Orange and Blacked-Out Drunk: Anoka Halloween Festival Beer Cans

October 5, 2016 — “I’ve got something you’re gonna love,” My wife had just returned from a shopping trip when she said this to me and, since her sincere voice and sarcastic voice are extremely close to each other, I wasn’t sure what to expect. Maybe one of those blue shirts she’s always trying to get me to wear. I always regret wearing blue shirts.

She reached into her purse and pulled out a small black can with an orange jack-o-lantern and a garland of white leaves on it. Orange words above the imagery read, “1978 Anoka Halloween Festival Beer.”

“I found this at an antique store.”

I barely heard what she said. I was overwhelmed.

I mean, I knew what 1978 was. I knew what Halloween was. I knew what a festival was. I knew what beer was. I even knew what Anoka was.

But I had no clue what 1978 Anoka Halloween Festival Beer was.

Let’s start with that Anoka part.

Anoka is a city in Minnesota just north of Minneapolis that bills itself as the Halloween Capital of the World. And that’s a big claim in 2016 when Halloween’s a multi-billion-dollar industry. But it is at least somewhat legit. In 1920, Anoka threw the first civic Halloween parade and celebration (well, Wikipedia hedges with “one of the first” and Anoka’s own page does the same with “It is believed”). The idea was offered by a local businessman to keep kids too busy to prank the town. You know, tipping cows and shaking outhouses and whatever else passed for pranks in early 20th century Minnesota towns. So the first city-wide Halloween party was a defense mechanism. Maybe they all started that way, I don’t know. I do know Salem’s Halloween party started partially as a reaction to the 1982 Chicago Tylenol murders. You weren’t ready for that kind of factoid in a post about cans, I bet.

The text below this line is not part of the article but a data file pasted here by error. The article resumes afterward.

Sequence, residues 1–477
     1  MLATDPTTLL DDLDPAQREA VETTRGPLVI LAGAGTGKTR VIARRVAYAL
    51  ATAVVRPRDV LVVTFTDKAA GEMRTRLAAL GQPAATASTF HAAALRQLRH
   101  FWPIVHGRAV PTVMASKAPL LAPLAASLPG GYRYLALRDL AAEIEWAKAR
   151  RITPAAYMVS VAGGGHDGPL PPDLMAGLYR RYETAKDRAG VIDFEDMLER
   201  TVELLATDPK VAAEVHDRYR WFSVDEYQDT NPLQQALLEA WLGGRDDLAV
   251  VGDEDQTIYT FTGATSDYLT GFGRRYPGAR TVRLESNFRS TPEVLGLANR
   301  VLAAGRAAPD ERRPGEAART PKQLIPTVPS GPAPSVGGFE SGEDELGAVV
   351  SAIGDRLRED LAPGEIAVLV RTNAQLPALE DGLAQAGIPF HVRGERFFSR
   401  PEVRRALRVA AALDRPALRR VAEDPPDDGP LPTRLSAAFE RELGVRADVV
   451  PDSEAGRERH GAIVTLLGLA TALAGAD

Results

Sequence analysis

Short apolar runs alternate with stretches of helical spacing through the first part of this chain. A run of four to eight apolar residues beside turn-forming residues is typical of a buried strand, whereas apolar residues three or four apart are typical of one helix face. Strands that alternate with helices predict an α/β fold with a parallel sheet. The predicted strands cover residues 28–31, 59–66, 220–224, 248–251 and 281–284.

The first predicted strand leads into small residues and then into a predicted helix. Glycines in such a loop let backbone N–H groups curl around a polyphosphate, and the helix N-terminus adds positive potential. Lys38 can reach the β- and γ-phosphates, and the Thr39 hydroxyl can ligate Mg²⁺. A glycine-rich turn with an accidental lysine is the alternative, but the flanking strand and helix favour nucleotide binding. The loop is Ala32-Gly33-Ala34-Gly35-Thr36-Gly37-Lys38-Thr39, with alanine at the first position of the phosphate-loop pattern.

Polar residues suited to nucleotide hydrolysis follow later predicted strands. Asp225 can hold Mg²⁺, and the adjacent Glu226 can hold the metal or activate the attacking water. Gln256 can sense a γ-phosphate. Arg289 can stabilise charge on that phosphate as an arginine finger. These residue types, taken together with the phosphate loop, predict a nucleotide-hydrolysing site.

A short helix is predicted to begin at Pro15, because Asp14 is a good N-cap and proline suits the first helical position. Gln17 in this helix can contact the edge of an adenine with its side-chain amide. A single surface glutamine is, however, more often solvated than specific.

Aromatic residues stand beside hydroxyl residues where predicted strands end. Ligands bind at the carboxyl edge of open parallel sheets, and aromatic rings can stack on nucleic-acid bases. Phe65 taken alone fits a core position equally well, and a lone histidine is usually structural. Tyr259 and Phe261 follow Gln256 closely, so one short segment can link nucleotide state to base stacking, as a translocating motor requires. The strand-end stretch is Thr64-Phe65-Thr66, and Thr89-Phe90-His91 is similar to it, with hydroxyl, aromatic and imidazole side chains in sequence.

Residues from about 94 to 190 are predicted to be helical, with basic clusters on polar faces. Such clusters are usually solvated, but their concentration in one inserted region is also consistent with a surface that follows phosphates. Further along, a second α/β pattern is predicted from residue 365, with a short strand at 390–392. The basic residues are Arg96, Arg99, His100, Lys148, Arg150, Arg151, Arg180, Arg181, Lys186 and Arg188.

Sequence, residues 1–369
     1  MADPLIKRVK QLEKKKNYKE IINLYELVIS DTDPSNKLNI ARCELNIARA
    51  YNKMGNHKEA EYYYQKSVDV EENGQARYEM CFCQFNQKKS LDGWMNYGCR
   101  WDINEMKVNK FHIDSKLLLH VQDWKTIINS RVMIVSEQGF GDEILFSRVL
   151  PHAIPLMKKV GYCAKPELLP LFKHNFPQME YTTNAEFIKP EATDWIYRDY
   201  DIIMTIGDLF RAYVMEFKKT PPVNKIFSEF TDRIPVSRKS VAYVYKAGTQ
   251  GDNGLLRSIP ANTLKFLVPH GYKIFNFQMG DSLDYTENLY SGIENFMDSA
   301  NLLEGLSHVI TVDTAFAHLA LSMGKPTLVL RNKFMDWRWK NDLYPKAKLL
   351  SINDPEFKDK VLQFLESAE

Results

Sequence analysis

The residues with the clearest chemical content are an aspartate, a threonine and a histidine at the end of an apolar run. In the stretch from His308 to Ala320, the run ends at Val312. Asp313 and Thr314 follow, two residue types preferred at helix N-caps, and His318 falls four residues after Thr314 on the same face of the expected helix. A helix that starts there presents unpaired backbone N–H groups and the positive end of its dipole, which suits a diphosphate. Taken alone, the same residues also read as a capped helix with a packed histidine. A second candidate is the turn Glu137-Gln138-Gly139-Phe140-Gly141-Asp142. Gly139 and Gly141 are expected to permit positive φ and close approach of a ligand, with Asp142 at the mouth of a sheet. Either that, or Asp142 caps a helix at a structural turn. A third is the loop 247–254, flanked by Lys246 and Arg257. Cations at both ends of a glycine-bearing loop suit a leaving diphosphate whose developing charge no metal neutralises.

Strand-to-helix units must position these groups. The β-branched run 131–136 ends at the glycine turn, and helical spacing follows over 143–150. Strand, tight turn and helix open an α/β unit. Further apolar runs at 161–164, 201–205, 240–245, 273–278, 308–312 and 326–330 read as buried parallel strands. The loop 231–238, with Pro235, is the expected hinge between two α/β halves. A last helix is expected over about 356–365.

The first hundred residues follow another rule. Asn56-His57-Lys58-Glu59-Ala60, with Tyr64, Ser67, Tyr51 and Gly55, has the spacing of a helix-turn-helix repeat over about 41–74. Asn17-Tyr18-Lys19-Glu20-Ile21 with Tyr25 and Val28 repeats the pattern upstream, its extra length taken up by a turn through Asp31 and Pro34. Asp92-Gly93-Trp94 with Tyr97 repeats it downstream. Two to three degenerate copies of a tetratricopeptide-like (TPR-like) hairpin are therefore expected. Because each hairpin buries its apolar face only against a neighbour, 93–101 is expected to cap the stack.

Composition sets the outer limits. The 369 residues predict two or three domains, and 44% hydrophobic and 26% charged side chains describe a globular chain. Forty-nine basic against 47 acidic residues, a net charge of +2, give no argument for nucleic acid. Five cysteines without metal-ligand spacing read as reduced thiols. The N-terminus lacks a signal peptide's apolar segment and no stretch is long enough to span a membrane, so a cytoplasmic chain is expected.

But the even more important proof for Anoka’s claim is that they kept up the tradition ever since except for two years in WWII when scarier stuff than ghosts and witches flew through the skies. That means the city is almost up to 100 years of Halloween parades. Heck, when this year, the United States Postal Service issued its first ever Halloween stamps and chose Anoka for its first day of issue.

And now I know it had an official Halloween festival beer for a time. So that’s yet another exhibit in its Halloween case.

The first thing I did after my wife showed me the can (well, the second—the first thing was to promise to take over laundry duty for the next three years) was to hold it up to the light like I’d just chosen wisely with my Holy Grail and then examined it minutely.

Its pop-top was sealed (the charming directions on how to open it were punched into the top of the can), but its base had two triangular holes from the can opener that drained it for preservation reasons. On the back of the 12-ounce can was a summary of the Anoka story in orange italics. Also the phrase, “This beer sold exclusively at Anoka Liquor, Anoka, Minnesota, 55303.” The can listed the name of the brewer responsible for that little Halloween wonder as August Schell Brewing Co. in New Ulm, Minnesota.

That was a lot of information from an aluminum cylinder, but I still needed to know more. I lifted my phone to my lips, “Okay, Google. 1978 Anoka Halloween Beer.” Google replied in its deadpan female voice, “I didn’t even know about that. Check out this link.”

It turns out that every year between 1978 and 1981, the August Schell Brewing Co. (which is still around) released a beer to celebrate the season and the place. Every year the design of the can was different.

That meant my next stop was eBay to pick up the other three cans in the set.

The one in my hand was the very first Anoka Halloween Festival Beer can. The next can, 1979, was similar in format to the previous can. This time, though, it was black text on an orange can, and instead of a pumpkin and garland it was illustrated with a black-and-white ink sketch of Bela Lugosi’s Dracula, a thin rivulet of red running from a red fang down his chin.